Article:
Stunning, sweeping dizziness exploded, and it rolled through my body in a powerful wave that pulled me down, pulled me under.
I didn’t feel the hard impact with the ground. I didn’t feel or see anything, but I heard Grayson calling out to me. I couldn’t answer. Not when Luc’s voice replaced his. Not even when I heard Luc beg for me to open my eyes.
I was gone.14Evie.
I heard my name called in different voices and at different times. I thought I recognized some, and Luc’s voice was the one I heard the most. Sometimes it was just him saying my name, and then other times he was speaking to me, having a one-sided conversation.
“Zoe is worried about you, Peaches. Everyone is, even Grayson.”
Grayson? That sounded like a lie, but why would anyone be worried? My head was too thick with sleep to figure it out, and I was just tired and needed to sleep. There was nothing to be upset about.
“You’ve got to wake up, Evie.” Luc’s voice was a silky, warm whisper in the soothing darkness. “Open those beautiful eyes of yours for me. Please.”
I wanted to do as he asked, because Luc wasn’t one to beg for anything or anyone, but I wasn’t ready, and dreams were beckoning me.
And I dreamed I was home.
I walked through the quiet living room that smelled of crisp apples and pumpkin spice, drawn to the kitchen.
With her back to me, she sat at the kitchen island, her blond hair smoothed back into a neat ponytail and her white blouse impossibly wrinkle-free.
I’d come to a complete stop, unable to move as I stared at her, heart racing as a mix of emotions exploded within me. Anger was there, like a poison. So was confusion, because I knew I was dreaming, but this felt like a memory, and underneath those messy, explosive emotions was also happiness. Despite everything I knew and everything this woman had done and lied about, I was happy to see her. Relieved.
She sipped from a mug as she flipped the pages of a book I could not see, and I realized that I now smelled rich coffee and more.
Coffee. Apples. Pumpkin spice.
Willing my legs to move, I took another step and then stopped. Something about the dining room table caught my eye. A flower sat in the center, white lilies in a clear vase, flanked by two tapered candles in iron holders. There’d never been flowers there before. I’d remember that, because Mom wasn’t a flower person. She’d once said she didn’t like to watch something beautiful die.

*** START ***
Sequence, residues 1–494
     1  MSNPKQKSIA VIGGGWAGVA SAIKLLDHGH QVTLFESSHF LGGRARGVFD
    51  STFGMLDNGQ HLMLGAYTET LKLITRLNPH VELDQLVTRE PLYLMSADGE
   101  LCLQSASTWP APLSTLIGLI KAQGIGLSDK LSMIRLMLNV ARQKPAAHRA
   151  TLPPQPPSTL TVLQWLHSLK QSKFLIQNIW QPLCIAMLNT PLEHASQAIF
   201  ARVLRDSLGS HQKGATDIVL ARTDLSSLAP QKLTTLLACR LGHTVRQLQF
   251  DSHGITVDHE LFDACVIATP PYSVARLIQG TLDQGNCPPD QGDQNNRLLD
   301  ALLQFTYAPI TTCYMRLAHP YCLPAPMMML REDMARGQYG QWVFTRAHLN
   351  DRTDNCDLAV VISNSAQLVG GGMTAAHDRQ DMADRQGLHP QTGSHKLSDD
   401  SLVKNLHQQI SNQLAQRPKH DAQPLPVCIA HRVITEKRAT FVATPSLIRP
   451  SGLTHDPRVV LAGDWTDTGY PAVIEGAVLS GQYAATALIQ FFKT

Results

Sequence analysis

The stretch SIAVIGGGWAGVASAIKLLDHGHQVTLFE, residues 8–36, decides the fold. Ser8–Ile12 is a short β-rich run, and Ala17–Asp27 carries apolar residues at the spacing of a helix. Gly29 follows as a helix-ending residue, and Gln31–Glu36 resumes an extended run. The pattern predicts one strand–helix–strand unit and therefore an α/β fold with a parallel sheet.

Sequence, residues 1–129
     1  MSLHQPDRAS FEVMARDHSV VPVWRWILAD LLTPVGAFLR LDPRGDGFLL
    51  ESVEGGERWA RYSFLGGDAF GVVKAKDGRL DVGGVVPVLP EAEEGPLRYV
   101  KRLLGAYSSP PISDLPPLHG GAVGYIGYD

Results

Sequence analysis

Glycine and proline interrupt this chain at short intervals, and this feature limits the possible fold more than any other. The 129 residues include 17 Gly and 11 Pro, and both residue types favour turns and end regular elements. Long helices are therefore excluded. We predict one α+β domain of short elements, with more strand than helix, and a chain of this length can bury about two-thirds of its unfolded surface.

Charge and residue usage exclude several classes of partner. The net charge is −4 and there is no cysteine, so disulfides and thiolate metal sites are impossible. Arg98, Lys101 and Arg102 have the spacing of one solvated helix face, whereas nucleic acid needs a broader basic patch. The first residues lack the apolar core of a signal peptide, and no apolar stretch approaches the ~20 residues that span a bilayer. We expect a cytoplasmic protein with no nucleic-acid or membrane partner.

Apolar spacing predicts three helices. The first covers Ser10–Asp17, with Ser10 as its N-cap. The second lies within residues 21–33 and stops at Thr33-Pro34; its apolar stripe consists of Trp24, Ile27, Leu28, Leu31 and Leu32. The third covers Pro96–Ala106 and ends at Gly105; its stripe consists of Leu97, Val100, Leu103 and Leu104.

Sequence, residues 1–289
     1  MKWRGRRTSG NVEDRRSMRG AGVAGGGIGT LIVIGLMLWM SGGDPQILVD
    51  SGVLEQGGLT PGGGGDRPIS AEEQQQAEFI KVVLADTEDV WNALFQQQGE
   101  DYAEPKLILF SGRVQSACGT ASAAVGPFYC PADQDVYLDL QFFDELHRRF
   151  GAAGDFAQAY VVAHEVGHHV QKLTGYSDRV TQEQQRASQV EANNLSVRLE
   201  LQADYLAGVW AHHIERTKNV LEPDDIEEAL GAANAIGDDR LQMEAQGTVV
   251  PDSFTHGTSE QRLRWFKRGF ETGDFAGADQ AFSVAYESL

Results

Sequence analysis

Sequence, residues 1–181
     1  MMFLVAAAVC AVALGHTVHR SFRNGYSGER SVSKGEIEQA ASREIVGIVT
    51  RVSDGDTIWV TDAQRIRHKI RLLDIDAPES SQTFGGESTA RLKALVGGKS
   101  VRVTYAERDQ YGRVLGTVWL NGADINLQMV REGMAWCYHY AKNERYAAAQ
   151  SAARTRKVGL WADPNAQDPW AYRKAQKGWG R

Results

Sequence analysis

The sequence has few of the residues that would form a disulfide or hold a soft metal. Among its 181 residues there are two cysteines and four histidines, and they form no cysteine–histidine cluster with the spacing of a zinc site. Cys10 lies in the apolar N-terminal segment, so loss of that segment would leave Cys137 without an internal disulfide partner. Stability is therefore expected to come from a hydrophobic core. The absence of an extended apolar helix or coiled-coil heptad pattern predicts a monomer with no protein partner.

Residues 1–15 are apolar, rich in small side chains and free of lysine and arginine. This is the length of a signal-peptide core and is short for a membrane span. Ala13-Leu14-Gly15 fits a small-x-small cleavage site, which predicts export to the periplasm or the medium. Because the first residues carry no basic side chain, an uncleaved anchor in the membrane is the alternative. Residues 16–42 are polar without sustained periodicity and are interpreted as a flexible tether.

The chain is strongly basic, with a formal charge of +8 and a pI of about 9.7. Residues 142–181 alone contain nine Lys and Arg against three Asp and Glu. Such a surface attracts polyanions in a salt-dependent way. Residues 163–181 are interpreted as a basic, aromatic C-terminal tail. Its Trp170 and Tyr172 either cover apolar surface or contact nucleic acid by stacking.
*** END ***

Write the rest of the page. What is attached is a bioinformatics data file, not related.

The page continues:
My gaze flicked up to the wall. An unfamiliar painting hung there. A mountainous landscape in black and white. Slowly, I refocused on her. I was almost afraid if I spoke, she’d vanish, return to wherever the dead went.
I took a step forward and then stopped once more. There was a small, roughly round spot where something had stained the hardwood floor. It had been scrubbed clean, but not soon enough.
“Don’t worry about the floor. It will be replaced soon, and it’ll be like none of that ever happened.”
Jerking my head up, I held my breath.
Mom inclined her chin slightly to the right. “I was waiting for you to join me.”
I squeezed my eyes shut as tears rushed them. That was her voice. Warm. Calm. Each word spoken as if she’d put thought behind it. Nothing like she’d sounded the last time I’d heard her.
The woman was a liar, and God only knew if anything she ever said was the truth, but she was my mother.
“Come sit with me,” she said. “It’s time.”
Drawing in a ragged breath, I asked, “Time for what?”
She patted the stool next to her with a pale hand. “I’m not going to hurt you. I promise.”
Cool air stirred as a body brushed against mine, silencing me before I could respond. Startled, I turned and felt the floor drop out from under my feet.
A girl with blond hair slowly inched forward, as if each step required effort. Her hair fell to a waist so narrow I was confident two hands could span it. She was slim, too slim. The plain black shirt hung from shoulders and arms that were so frail and so thin, they looked like they could be broken with a snap of the wrist. Legs that were absent of fat or muscle appeared as if they were barely holding her up. This wasn’t someone who was just naturally thin with a hyper metabolism. This was someone who was sick.
Someone who was dying.
And it was me—when I was younger, when I went by the name Nadia.
Eyes wide, I watched her sit on the stool, arms folded at the waist, shoulders bunched, but she met Mom’s stare with no fear.
Confusion flooded me as I stared at Mom and the younger version of me. Was this a dream or a memory?